She hates it when they fight - Rhys is never happy about anything, and her father smiles less and less when he's around. But soon enough here comes her mother, who pokes a finger in Rhys' chest and tells him that if he doesn't like it, he can always go his own way. Nothing is stopping him, after all. He looks down and after a moment mumbles an apology to his sister and her husband. But from that moment on, the unwashed hat is always what the Fleeters take away from their meetings with them -
The airlock doors part, revealing a trio of blue-clad Fleeters with nary a stain marring their uniforms. At a glance the girl can see the man in front has four pips on his shoulder - a captain! He steps forward, his right hand extended. "Captain Webb? I'm Jonathan Archer, captain of the Enterprise.
Her father offers a hand in return, giving a quick squeeze and the barely perceptible nod he gave when he sized someone up as ‘good people'. "A pleasure, captain," he replied. "Andrew Webb of the freighter Aelwyd.
The other Fleeters begin moving the pallets through the airlock and over to the Enterprise. "We're fortunate to run into you out here," Archer says. "Our supplies of fresh food didn't hold out quite as long as we'd hoped."
"They never do," Rhys says sourly, and her father shoots him a hard glance.
"No bother," her father says. "Although it won't quite be what you're used to. Some of the vegetables had to be engineered to grow in local conditions. Changes the flavor a bit - and I bet you've never seen day-glo orange cauliflower before."
Archer smiles warmly. "I'm looking forward to my first time. And I expect it might bring back a few good memories to my helmsman. Ensign Mayweather grew up on a long-haul ship."
"Did he now?" her father says, and looks down at her. "Listen to the man, love. A boomer for a helmsman aboard a Fleet ship. Something to aspire to, eh?" He looks back at Archer. "Forgive my manners, captain. This is my daughter, Tegan - and the pilot for our docking as well."
Archer kneels down. "That was you at the controls? You're a very good pilot," he says in that voice most adults use whenever talking to children - not uncomfortable, exactly, but too polite, like they aren't sure what to say. "Maybe we can give you a tour of the bridge while you're here, let you sit at the helm controls." He looks back at her father. "You and your crew are more than welcome to stretch your legs. My engineer has some maintenance to finish up on the warp engines that should take about a day. Enough time to give you and your people a break."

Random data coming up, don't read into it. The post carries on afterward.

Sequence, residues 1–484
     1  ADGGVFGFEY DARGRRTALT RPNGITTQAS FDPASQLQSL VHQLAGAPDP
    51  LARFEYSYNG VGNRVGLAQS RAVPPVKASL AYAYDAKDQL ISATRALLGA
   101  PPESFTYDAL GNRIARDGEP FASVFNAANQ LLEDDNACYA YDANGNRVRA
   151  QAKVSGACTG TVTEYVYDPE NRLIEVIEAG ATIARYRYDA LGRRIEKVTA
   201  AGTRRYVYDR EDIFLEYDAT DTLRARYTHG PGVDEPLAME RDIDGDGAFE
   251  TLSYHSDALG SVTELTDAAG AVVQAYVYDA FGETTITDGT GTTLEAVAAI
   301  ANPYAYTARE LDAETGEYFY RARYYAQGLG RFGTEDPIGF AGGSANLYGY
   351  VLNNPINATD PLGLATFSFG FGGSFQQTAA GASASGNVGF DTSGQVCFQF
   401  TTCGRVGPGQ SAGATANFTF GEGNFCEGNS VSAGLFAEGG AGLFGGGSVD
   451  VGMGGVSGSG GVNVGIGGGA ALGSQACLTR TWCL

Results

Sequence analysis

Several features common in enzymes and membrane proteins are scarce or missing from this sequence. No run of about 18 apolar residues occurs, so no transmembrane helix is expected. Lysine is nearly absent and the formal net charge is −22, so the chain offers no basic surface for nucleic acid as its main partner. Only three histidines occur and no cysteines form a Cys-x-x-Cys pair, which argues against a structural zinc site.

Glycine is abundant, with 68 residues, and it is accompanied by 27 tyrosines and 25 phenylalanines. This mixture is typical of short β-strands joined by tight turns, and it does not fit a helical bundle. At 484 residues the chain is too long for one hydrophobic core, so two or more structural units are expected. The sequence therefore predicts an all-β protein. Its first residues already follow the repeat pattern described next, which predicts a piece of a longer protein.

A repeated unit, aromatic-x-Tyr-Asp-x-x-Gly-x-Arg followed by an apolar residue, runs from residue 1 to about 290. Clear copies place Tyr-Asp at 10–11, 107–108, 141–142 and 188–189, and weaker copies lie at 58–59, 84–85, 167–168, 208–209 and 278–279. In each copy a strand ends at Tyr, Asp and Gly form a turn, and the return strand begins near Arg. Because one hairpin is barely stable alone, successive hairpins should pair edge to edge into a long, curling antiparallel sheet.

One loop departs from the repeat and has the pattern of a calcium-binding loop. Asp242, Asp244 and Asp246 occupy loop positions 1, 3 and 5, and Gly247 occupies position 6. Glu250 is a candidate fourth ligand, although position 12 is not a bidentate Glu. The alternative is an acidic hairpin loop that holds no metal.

Her father looks over at Rhys, who just rolls his eyes. "That's kind of you, captain, but we've already burned a little more fuel mass than we'd planned on for this rendezvous. We'd best be on our way if we're to reach Draylax with anything left to spare."
"I think I can help you with that," Archer says. "Tell you what - let the Enterprise get you up to your cruising speed. We can do it faster, and spare you burning any more fuel of your own."
Her father grins - he knows a good deal when he hears one. "You drive a hard bargain. Must be nice having the antimatter to spare." He turns to his crew. "You heard him, lads. We're guests of the Fleet for the next day or so. Please - " he gives Rhys a pained look " - be on your best behavior." He turns back to Archer. "Just lead the way."
The girl pauses for a moment as the others make their way into the Enterprise. She stands by the inner hatch of the Aelwyd
, staring at the transparent aluminum set into the metal. Slowly she raises one hand, spreading her fingers as wide as they will go, pressing her fingers to the viewport. It is almost large enough to cover the whole area now -
One last memory - she is seven years old, and her birthday in three weeks. She is sitting on the bridge as the ship prepares to dock with another, watching a video feed of the airlock doors. Everybody is shouting as a siren wails. Something has gone wrong with the airlock - the hatch is stuck. Through the transparent aluminum viewport, she can see her mother struggling to breathe. She sees her father prying at the doors with a long metal bar, but they refuse to separate as the oxygen quickly drains from the airlock. She watches as her mother presses her hand to the viewport, spreading her fingers, a gesture which is mirrored by her father on the other side. A long moment passes. And then her mother slides away, her strength gone along with her life -
"Tegan?" her father calls. "Come along now. Wouldn't want you getting lost."
"Never happen, Da," she says. "I know right where home is."
He smiles, and for the moment her world is complete once again. "That's my girl."